By Teachers, For Teachers
Using classroom management to control students’ behavior is by far one of the most challenging tasks that teachers have. A lot of the time, teachers are completely unaware of what is going on in their students’ home lives, which oftentimes is the reason for the students’ undesirable behavior in school. Likewise, as students grow up, they have to deal with a variety of social and emotional changes that may result in the disruption of their behavior. However, with a little forethought and some creative classroom management, teachers can turn their students’ unfavorable behavior around. Here are a few classroom management steps to help you approach behavioral problems in your class, as well as a few teaching strategies to help you handle those behavioral problems.
Follow these three steps to help you determine what the students’ behavioral problem is, so that you can figure out how to fix it.
The first step to figuring out how to approach your students’ unwanted behavior is to make a list of all of the undesirable behavior the students are exhibiting. You can start by taking one full day to just observe a single student. Write down everything that the student is doing that is not acceptable. For example, “Joey is disrupting his neighbor by poking him with a pencil,” or “Joey is blurting out during the reading lesson.” Be as specific as you can when taking your notes (this will help you in the next step).
The next step is to take a close look at your detailed notes that you took. You are looking for any reccurring behavior patterns. Most of the time, students who have behavioral issues have more than one. Your goal during this step is to choose just one behavior to correct at a time. So look for one that sticks out, like blurting out or bothering other students.
The last step is to think about why the student is exhibiting this behavior. Look at where the behavior is taking place (the classroom, gym class, recess), what time it occurs (morning, lunch, transition periods), and who the student is bothering (teacher, student, girl, boy). Once you have gathered this information, then you can finally develop a strategy.
Now that you have figured out the behavior that you want to correct, you can develop a strategy to correct it. Here are a few suggestions that will help you meet the needs of the student, as well as help change their undesirable behavior to a more appropriate behavior.
If the child is constantly blurting out in class, then there are a few things that you can do. First, you need to explain and model the value of respecting others when they are talking. Next, you can give the student three tokens. Tell them that each time they want to comment or ask a question, they must give you a token. But they only get three tokens per lesson. This will help them from blurting out when you are teaching. Lastly, you can give the student a sticky notepad and tell them every time they get the urge to blurt something out in class, to write it on their sticky note, and they can share it with you later.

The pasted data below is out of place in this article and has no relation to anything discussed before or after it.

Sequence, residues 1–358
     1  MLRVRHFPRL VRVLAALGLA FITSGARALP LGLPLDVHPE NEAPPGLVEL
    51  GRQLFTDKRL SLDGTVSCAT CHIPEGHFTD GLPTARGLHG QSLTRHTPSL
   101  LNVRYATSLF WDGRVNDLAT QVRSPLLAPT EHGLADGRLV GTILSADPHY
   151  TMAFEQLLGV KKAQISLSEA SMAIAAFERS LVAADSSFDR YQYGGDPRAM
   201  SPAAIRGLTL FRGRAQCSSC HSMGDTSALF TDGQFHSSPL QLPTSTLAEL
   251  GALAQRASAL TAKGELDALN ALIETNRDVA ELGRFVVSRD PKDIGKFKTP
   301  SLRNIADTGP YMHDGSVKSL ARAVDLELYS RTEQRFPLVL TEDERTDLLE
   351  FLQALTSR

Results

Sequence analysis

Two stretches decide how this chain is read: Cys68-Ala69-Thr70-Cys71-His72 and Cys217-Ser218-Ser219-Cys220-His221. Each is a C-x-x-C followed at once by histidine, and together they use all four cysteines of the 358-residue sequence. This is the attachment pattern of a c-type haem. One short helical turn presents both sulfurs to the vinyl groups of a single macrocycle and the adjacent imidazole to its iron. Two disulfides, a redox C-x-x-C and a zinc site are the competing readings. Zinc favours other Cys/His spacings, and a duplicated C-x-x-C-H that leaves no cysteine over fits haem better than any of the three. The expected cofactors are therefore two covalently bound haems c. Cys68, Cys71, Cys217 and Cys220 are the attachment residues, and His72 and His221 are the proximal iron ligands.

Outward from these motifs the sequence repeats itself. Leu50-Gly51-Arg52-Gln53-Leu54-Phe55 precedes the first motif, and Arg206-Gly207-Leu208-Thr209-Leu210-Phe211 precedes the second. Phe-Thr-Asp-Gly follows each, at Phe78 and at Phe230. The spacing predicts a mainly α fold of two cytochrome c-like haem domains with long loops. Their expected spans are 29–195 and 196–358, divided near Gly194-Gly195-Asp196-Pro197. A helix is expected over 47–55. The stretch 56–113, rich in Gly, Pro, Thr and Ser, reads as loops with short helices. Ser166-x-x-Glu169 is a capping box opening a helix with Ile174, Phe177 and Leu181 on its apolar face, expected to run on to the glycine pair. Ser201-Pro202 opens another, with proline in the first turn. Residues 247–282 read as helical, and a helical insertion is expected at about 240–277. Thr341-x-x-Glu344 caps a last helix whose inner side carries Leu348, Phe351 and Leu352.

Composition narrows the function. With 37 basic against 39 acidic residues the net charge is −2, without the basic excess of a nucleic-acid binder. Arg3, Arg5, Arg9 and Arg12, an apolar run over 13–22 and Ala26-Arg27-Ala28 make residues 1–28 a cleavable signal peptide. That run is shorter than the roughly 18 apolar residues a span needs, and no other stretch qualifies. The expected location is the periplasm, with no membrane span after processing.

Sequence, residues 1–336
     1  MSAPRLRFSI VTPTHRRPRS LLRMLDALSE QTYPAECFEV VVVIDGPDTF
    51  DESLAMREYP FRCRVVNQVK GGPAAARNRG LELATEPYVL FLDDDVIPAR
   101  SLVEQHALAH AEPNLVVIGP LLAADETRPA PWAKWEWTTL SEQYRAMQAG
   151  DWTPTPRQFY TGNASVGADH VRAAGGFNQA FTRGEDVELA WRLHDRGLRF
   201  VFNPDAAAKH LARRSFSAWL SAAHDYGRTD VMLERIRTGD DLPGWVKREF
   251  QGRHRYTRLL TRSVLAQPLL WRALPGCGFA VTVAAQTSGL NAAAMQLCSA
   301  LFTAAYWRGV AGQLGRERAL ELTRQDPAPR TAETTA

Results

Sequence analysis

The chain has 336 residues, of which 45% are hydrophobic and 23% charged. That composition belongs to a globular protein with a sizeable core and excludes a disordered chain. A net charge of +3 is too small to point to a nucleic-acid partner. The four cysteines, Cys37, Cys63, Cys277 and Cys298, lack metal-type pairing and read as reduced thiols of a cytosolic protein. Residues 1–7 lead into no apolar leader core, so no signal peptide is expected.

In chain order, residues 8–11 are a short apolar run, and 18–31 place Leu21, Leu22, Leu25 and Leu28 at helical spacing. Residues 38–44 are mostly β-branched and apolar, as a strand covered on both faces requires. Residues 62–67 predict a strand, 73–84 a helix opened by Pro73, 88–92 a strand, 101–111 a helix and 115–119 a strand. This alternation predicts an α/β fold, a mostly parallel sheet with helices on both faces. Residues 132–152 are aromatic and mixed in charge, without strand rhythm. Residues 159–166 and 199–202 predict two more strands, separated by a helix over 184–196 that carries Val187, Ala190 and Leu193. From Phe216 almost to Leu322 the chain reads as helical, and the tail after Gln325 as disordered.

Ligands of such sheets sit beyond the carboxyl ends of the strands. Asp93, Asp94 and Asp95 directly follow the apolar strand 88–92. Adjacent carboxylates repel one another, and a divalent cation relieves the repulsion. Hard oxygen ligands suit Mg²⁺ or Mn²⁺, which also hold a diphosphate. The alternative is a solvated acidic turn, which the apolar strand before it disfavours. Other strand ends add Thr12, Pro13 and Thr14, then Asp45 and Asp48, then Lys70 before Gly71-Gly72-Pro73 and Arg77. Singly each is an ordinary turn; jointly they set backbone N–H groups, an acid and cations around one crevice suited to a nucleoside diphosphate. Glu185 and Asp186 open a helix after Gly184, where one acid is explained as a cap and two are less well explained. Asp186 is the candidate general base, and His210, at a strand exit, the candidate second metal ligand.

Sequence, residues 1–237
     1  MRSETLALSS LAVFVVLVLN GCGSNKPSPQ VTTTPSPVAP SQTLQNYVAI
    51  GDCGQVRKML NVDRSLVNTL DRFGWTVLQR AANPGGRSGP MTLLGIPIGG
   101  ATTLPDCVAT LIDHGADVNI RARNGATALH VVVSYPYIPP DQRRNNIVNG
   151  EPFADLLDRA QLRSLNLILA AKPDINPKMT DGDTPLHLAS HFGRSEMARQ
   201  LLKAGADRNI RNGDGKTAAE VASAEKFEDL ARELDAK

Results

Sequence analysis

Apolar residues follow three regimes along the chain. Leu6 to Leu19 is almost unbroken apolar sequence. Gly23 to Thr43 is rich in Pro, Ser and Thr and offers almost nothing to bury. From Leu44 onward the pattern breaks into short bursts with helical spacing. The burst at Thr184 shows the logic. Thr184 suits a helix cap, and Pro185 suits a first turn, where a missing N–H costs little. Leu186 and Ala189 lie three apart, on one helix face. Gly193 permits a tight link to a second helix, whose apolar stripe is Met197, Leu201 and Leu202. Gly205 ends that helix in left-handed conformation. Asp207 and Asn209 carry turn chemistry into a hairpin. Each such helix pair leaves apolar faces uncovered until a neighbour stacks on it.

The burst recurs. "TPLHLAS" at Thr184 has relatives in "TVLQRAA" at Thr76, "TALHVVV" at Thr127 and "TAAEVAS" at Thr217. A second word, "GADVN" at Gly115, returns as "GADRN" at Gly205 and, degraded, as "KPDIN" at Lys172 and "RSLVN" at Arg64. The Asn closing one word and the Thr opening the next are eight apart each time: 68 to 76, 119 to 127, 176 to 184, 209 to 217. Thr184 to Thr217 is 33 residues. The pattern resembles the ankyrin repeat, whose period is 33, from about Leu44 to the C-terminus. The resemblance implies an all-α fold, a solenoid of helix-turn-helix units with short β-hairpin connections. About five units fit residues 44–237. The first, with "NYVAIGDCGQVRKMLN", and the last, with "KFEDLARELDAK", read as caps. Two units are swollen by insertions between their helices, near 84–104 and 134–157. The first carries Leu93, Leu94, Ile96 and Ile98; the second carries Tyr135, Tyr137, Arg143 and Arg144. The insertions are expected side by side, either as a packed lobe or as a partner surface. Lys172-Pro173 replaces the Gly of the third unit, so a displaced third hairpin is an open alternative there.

If the child is continually bothering other students because they are trying to avoid doing their work, you need to rethink your seating arrangement. Place them in a seat where they are unable to bother anybody or even be tempted to. In addition to that, you can look at what the students’ interests are. When children are bored, they tend to talk to their classmates or become distracted. Take a closer look at your lessons and see if you are meeting the needs of all of your students. Sometimes, all you have to do is make sure your lessons are a little more engaging and of interest to the child who is misbehaving.
If the student is bothering other students because it helps them to avoid schoolwork (perhaps they fear they are unable to do it), then you need to teach that child some positive skills. You can also attach a reward like a “Get out of homework pass” or a “Free fun Friday pass.”
If the student is gaining the attention of their fellow students by being the class clown, then you need to teach them the appropriate ways to gain attention from their peers. These types of students may benefit from a leadership role. Try putting them in charge of their group or giving them the opportunity to stand out in class somehow.
The targeted behavior that you are working on with the student will not disappear in one day -- it takes time. But if you notice within a week or so that the undesirable behavior that the student was exuding is less frequent, then you know that you are on the right track. Once the behavior has been eliminated, it is only then that you can tackle the next behavior that was on your list.
Do you have any classroom management tips or suggestions on how to approach and handle behavior problems in the classroom? Please share your thoughts in the comment section below, we would love to hear what you do.
Janelle Cox is an education writer who uses her experience and knowledge to provide creative and original writing in the field of education. Janelle holds a Master's of Science in Education from the State University of New York College at Buffalo. She is a contributing writer to TeachHUB.com and TeachHUB Magazine. She was also the Elementary Education Expert for About.com for five years. You can follow her on Twitter @Empoweringk6ed, on Facebook at Empowering K6 Educators, or contact her at Janellecox78@yahoo.com.